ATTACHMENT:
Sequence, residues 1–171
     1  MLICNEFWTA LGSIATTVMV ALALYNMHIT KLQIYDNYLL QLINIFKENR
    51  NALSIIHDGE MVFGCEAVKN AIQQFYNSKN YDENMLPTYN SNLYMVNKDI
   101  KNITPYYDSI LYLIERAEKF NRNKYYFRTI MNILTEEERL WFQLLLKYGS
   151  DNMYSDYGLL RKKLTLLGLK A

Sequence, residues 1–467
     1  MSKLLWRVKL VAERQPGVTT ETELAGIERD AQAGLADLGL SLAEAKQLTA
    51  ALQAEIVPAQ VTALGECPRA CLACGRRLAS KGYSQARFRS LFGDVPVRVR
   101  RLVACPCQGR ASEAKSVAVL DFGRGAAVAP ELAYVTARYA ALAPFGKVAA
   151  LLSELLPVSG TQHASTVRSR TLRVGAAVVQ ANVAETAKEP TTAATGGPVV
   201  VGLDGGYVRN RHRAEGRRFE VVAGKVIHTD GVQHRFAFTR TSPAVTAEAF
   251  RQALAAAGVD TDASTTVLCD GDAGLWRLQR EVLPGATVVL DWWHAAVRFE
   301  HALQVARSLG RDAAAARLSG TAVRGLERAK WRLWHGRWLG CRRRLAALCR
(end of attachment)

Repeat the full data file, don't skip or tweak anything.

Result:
Sequence, residues 1–171
     1  MLICNEFWTA LGSIATTVMV ALALYNMHIT KLQIYDNYLL QLINIFKENR
    51  NALSIIHDGE MVFGCEAVKN AIQQFYNSKN YDENMLPTYN SNLYMVNKDI
   101  KNITPYYDSI LYLIERAEKF NRNKYYFRTI MNILTEEERL WFQLLLKYGS
   151  DNMYSDYGLL RKKLTLLGLK A

Sequence, residues 1–467
     1  MSKLLWRVKL VAERQPGVTT ETELAGIERD AQAGLADLGL SLAEAKQLTA
    51  ALQAEIVPAQ VTALGECPRA CLACGRRLAS KGYSQARFRS LFGDVPVRVR
   101  RLVACPCQGR ASEAKSVAVL DFGRGAAVAP ELAYVTARYA ALAPFGKVAA
   151  LLSELLPVSG TQHASTVRSR TLRVGAAVVQ ANVAETAKEP TTAATGGPVV
   201  VGLDGGYVRN RHRAEGRRFE VVAGKVIHTD GVQHRFAFTR TSPAVTAEAF
   251  RQALAAAGVD TDASTTVLCD GDAGLWRLQR EVLPGATVVL DWWHAAVRFE
   301  HALQVARSLG RDAAAARLSG TAVRGLERAK WRLWHGRWLG CRRRLAALCR